This week I went to my first ever Tech Meetup! Thanks to Rabobank & Utrecht JUG I got to see Robert C. Martin, also known as Uncle Bob, in action! If you don’t know who he is, I highly recommend his book “Clean Code”.

School can only teach you so much. That’s not to say school isn’t worthwhile, absolutely not! Thanks to my (still ongoing) formal education I learned how to quickly learn the basics of new programming languages, and went a bit deeper into one or two of them. So now, when I see a new language, I have a base to fall back on. That being said, Clean Code was an eye-opener for me. The first thing JIDOKA, my internship company, did, was give me a two-day course on the subject, taught by my mentor Geert Guldentops.

Now, you might be thinking, the title of this post is “The MoSCoW Method”, why are you even mentioning Robert Martin and Clean Code? Because his book isn’t only about coding practices, but also about Agile Software Practices. This was pervasive throughout the Utrecht JUG Meetup as well.

During his last session, Uncle Bob talked about the importance of managing software development projects and communicating well with your client. And as chance would have it, the day before I left for Utrecht, I was stuck. Where do I even begin to define the scope of a project?

To test out whether my internship project was even feasible, I had been tasked with coming up with a Proof of Concept. This would then become a tool to help set the scope of the project as a whole. It was supposed to be a very small test, where I would focus on just one part of the bigger puzzle. Lo and behold, it was way too elaborate. To nudge me in the right direction, Geert drew something on some scrap paper. I’ve drawn it out for you here.

The Iron Cross of Software Engineering

A project’s deadline is usually an immutable object, frozen in place. In my case, there is absolutely no wiggle room. The deadline for my Bachelor Thesis is June 2nd, no ifs or buts about it. According to the iron cross of software engineering, there are three other things we could change, apart from the deadline: the quality, the scope, and the budget. You might know the iron cross under a different name: the project management triangle. Right off the bat, something both my mentor Geert and uncle Bob stressed was: do not, under any circumstances, mess with the quality. Even telling your client that quality is something you can lower is not a good idea. So what’s left? The budget. Well, in a regular development project, we could double the development staff. As we all know, doubling the staff effectively doubles the speed at which code can be written. Sarcasm is very hard to convey through text, so I’ll just put a nice little disclaimer here: the previous statement was practically drowning in sarcasm. Adding extra staff adds extra overhead, and the later these new developers are added, the more time it will take for them to be productive members of the team. My internship is a one-woman show. Yes, I can count on my colleagues, both at JIDOKA and at school, but at the end of the day, it’s just me.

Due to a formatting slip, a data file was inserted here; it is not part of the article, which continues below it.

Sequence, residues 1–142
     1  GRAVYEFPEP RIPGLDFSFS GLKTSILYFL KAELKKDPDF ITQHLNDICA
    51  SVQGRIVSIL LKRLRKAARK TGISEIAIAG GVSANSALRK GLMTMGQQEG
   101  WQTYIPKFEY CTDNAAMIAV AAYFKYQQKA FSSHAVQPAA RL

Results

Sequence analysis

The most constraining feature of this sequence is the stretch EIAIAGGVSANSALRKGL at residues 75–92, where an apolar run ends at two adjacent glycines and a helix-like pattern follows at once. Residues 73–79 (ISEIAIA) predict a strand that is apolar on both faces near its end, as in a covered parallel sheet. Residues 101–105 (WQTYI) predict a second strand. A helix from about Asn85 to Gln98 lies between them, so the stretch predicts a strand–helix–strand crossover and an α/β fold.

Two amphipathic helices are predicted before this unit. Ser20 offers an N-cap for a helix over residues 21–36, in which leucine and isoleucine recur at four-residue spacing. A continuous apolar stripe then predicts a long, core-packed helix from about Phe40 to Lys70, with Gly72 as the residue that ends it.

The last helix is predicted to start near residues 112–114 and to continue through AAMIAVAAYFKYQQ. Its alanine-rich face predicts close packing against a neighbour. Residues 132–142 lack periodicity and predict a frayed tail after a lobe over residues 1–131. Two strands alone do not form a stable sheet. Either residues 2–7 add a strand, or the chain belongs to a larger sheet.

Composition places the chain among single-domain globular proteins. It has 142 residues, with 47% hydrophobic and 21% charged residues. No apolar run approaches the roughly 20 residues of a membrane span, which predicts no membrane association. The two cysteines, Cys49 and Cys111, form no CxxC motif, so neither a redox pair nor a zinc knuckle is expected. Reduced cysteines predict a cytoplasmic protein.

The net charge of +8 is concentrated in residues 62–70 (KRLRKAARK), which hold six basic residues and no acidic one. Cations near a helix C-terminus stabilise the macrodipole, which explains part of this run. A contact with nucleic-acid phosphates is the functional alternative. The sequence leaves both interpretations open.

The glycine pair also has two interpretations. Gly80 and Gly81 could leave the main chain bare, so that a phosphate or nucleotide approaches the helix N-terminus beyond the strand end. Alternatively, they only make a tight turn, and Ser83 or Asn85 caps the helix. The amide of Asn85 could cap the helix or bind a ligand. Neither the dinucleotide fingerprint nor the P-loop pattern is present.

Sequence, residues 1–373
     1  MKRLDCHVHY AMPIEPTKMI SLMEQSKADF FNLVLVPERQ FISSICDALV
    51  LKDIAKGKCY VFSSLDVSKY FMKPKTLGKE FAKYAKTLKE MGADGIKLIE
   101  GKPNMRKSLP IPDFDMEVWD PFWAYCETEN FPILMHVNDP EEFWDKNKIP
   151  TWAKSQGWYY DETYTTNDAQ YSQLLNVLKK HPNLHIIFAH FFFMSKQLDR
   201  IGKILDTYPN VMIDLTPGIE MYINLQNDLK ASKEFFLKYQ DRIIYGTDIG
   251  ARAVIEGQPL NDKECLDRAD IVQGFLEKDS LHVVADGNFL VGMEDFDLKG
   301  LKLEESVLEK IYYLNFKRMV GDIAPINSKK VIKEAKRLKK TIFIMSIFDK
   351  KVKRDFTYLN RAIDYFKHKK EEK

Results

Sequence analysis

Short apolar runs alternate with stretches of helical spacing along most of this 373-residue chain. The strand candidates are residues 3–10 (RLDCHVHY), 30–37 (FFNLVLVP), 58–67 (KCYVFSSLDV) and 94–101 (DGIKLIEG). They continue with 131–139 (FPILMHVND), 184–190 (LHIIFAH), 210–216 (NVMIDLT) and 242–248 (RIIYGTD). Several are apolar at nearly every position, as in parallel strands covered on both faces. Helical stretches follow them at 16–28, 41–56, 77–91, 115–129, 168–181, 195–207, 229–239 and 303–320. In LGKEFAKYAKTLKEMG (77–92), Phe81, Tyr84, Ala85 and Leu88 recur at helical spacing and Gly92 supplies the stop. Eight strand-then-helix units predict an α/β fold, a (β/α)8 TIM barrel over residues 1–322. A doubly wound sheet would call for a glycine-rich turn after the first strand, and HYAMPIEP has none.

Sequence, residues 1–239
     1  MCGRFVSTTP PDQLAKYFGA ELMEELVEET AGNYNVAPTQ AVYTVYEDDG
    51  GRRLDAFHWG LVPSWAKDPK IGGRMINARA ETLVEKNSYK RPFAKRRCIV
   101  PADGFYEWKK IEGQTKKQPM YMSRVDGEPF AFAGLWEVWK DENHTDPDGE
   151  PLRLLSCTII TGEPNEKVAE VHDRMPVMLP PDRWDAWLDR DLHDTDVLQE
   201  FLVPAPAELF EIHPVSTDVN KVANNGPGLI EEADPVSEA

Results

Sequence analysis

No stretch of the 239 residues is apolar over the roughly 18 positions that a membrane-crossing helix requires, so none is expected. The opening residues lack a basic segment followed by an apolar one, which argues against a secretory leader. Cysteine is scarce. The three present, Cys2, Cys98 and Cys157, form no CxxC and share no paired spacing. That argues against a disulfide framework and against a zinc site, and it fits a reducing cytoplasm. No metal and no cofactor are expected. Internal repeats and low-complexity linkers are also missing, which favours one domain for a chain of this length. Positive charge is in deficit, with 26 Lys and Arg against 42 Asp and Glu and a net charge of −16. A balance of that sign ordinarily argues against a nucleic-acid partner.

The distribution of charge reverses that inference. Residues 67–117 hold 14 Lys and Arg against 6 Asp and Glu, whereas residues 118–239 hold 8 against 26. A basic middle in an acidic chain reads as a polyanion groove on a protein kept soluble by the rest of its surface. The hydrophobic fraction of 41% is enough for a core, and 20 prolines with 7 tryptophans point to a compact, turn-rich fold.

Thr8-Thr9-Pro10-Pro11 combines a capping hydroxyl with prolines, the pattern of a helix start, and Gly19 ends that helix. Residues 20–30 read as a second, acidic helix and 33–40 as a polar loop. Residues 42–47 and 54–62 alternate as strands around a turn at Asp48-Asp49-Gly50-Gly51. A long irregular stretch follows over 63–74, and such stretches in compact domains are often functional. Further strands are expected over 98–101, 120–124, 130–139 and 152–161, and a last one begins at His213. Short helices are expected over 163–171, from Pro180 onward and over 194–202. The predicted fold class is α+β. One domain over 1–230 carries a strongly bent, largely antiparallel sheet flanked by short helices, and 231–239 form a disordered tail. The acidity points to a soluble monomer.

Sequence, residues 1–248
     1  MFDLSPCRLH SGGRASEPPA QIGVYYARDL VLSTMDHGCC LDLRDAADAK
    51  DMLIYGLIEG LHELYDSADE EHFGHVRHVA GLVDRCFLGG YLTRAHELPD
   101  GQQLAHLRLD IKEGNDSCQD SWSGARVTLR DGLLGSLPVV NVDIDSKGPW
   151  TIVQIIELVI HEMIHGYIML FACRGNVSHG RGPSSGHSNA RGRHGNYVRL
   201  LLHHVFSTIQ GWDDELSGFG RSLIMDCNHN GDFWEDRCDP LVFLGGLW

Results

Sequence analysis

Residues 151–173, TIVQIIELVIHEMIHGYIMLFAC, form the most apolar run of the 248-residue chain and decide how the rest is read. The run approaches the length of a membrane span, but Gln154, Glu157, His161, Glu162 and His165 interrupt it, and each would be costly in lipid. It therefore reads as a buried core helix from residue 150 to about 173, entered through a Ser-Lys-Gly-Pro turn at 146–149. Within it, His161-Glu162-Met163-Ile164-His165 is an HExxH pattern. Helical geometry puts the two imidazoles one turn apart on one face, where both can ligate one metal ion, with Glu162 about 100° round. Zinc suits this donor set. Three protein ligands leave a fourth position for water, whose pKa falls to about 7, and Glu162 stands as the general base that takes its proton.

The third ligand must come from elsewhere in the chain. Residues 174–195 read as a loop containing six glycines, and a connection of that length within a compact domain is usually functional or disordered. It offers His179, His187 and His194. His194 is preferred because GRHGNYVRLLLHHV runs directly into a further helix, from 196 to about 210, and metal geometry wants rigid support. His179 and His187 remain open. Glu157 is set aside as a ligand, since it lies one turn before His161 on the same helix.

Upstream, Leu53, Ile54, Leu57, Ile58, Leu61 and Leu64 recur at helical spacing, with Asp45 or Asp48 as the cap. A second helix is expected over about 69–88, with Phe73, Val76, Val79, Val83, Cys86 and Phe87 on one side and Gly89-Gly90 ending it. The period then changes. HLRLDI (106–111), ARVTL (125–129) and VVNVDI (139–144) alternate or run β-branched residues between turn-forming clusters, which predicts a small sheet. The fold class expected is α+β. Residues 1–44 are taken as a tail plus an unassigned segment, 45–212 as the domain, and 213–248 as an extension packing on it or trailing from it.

So that leaves just one more option: the scope.

Sketchnotes of Uncle Bob's session 'Agility & Architecture'

Telling your client that the scope needs to be smaller is not easy. Often they will hang on to their initial requirements for as long as possible. And here, we finally come to the MoSCoW Method.

There are several methods that can be used to make it easier for your client to choose which requirements can be dropped, and which cannot. The MoSCoW method is one of them. Only the consonants are important in this abbreviation, the vowels are purely there for pronunciation’s sake.

MoSCoW stands for:

  1. Must have
  2. Should have
  3. Could have
  4. Won’t/Would have

The Must Haves are those things that the project cannot go without. If you don’t get one of those done, you can just as well scrap the entire project. The Should Haves are still pretty crucial. However, if you don’t get one of these done, it’s not the end of the world. It might take some creative thinking to find a workaround for the issue, or it might cause part of the functionality to be non-viable, but these are often features that can be added in a second live phase. The Could Haves can be viewed as optional. We’d very much like them to be in the end product, but if the deadline of the project is at risk, these are the first things to be scrapped. Lastly, we have the Won’t/Would Haves. These are the optional items that are so low-priority that we simply won’t do them, at least during the current time frame. When Geert explained the MoSCoW method to me, he used the term Would instead of Won’t. Originally the term was Won’t. However, from what I can tell, the term shifted to Would because when discussing these points with a client, Won’t sounds very final and has a bit of a bad connotation. Which one you want to use is of course entirely up to you.

During my research on MoSCoW, I came across a list of tips by Zied Zaier on how to put the MoSCoW method into practice. One in particular stuck out at me, and really helped me to put this method into practice.


“Start all requirements as Won’t Haves and then justify why they need to be given a higher priority.”

If you have used MoSCoW during a project with a client, I would love to hear from you! How did it influence the decisions made in terms of scope? Did it aid or hinder you during the project? Did it make communicating with your client and other stakeholders easier or tougher?

And with that, dear reader, I leave you.
See you soon!

Silke